In this respect, Iran is no exception.
Iran has detained 15 British sailors and marines for allegedly violating its state border. But its television broadcasts of the detainees -- especially the broadcasts of confessions -- has some arguing they are being treated more like hostages.
Article 39 of the Iranian Constitution states that "all affronts to the dignity and repute of persons arrested, detained, imprisoned, or banished" are forbidden.
Article 38 of Iran's constitution states that "compulsion of individuals to testify, confess, or take an oath is not permissible; and any testimony, confession, or oath obtained under duress is devoid of value or credence."
Article 38 of the constitution states that "compulsion of individuals to testify, confess, or take an oath is not permissible; and any testimony, confession, or oath obtained under duress is devoid of value or credence."
Britain and the European Union, which backs London, argue that extracting videotaped confessions from captive foreigners, who have no inkling of whether or when they will be allowed to return home, violates the prohibitions against duress and affront to dignity.
In addition, the International Covenant on Civil and Political Rights -- which Iran ratified in 1975 -- mandates that anyone arrested shall be informed of the reasons for their arrest and have prompt access to judicial authorities.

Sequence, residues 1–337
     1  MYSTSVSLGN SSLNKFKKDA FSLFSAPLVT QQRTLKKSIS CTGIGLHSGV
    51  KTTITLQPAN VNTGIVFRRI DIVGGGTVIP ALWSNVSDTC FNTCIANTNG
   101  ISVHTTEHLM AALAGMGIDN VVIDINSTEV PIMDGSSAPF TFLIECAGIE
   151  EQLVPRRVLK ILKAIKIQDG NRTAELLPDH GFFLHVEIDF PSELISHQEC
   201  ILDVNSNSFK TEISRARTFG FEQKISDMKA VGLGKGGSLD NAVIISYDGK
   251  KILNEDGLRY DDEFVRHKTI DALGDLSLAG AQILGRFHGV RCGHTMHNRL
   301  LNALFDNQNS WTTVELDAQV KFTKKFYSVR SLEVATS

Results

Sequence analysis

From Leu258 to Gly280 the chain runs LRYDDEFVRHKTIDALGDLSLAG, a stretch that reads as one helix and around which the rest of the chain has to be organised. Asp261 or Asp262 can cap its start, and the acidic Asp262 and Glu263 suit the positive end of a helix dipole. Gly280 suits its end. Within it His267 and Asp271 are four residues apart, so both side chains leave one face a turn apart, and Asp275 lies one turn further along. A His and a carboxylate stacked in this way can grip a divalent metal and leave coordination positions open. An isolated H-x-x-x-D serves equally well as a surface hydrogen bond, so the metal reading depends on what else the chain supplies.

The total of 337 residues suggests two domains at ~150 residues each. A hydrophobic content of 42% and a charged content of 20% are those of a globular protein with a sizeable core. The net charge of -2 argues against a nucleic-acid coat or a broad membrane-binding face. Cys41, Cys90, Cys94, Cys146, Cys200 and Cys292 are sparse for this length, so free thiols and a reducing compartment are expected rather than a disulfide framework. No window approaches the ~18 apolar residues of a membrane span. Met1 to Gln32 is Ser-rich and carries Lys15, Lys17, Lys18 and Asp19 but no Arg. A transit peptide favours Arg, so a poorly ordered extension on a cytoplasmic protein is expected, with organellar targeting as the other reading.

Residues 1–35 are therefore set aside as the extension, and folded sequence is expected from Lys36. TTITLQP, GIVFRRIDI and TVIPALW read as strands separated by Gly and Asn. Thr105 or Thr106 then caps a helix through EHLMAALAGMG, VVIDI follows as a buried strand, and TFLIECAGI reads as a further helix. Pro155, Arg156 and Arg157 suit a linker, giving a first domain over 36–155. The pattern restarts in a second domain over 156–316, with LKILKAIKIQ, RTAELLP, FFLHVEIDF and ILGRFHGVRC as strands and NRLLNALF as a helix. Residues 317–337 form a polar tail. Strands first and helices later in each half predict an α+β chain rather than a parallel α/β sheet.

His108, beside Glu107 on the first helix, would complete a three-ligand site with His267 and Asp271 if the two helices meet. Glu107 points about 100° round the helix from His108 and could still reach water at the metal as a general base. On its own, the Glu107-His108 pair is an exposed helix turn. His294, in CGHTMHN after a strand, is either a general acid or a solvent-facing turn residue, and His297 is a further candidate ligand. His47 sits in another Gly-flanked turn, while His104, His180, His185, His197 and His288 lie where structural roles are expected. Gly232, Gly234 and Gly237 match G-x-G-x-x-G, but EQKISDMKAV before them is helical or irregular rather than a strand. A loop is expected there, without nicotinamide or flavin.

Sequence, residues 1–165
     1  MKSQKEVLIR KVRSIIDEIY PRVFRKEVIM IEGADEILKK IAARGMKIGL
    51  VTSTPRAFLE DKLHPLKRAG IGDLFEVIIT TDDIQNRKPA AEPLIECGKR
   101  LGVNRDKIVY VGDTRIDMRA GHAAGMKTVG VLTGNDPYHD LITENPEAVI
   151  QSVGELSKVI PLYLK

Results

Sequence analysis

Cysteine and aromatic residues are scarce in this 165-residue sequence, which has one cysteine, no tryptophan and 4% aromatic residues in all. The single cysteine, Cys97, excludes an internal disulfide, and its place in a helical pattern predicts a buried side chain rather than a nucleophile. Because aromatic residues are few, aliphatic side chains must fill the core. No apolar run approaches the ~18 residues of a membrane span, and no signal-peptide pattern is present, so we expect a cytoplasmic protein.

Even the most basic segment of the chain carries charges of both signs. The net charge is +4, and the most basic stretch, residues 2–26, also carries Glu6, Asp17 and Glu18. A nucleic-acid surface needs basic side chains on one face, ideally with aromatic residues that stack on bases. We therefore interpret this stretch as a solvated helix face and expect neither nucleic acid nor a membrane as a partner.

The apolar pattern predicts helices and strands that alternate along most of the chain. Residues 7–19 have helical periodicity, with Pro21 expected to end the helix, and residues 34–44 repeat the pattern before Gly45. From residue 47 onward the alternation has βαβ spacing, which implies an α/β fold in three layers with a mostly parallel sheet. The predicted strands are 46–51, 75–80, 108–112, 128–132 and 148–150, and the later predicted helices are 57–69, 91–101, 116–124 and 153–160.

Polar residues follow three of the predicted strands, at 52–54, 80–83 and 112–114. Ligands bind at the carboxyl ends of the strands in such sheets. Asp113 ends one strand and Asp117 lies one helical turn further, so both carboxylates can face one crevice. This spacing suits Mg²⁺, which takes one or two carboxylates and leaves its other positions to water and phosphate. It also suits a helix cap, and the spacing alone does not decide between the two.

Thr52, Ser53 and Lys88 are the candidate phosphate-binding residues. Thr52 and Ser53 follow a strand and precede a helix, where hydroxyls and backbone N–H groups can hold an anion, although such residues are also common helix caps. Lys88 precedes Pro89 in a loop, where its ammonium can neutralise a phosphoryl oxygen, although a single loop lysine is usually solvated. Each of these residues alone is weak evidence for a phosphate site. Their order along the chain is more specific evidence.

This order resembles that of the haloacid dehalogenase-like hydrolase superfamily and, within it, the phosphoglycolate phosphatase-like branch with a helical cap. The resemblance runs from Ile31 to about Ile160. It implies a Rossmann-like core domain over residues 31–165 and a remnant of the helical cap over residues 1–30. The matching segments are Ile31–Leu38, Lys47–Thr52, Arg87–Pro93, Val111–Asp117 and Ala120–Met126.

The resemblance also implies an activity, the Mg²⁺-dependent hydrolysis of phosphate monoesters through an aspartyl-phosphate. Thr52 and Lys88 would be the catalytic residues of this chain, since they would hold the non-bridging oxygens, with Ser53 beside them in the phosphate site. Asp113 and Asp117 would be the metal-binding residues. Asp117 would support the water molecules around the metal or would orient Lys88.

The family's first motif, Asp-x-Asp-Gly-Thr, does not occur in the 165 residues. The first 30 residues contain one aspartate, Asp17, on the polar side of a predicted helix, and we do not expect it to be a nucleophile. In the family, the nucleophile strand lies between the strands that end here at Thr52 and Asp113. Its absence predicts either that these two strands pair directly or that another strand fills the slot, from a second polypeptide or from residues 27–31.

It appears the Iranian authorities are mindful of those provisions, which might explain why they have gone to such lengths to show the captive British sailors being fed in a pleasant setting -- and why the "confession" of Faye Turney, one of the captives, stressed the hospitality shown by the Iranian authorities.
"Obviously we trespassed into their waters," Turney said on Iranian television. "They were very friendly, very hospitable, very thoughtful, nice people. They explained to us why we'd been arrested. There was no aggression, no hurt, no harm. They were very, very compassionate."
Compassion, however, is in the eye of the beholder.
Which is why most modern legal systems require detainees to have immediate access to a lawyer and to appear before a judge soon after their detention -- so that their case can be heard by an impartial judiciary.
The right of habeas corpus -- that is, to have a judge rule on the legality of someone's detention -- dates back centuries and is enshrined in the laws of many countries.
When it comes to confessions, some countries go even further -- again, at least on paper -- to protect detainees' rights.
Under the Indian legal code, for example, no confession made to a police officer or while in police custody is admissible as evidence in a court of law.
In Mexico, to be admissible as evidence, confessions must be made to a judge and in the presence of a defense attorney.
In China, the legal code says that no one can be convicted on the basis of a confession alone.
Of course, as with the Soviet Constitution -- theory is one thing and practice another.
Iran, India, Mexico, and China all face frequent accusations by human rights organizations of violating detainees' rights and of extracting forced confessions as the basis for prosecution.
And the United States, with its decision to suspend habeas corpus for "enemy combatants" held at Guantanamo, has faced similar charges in recent years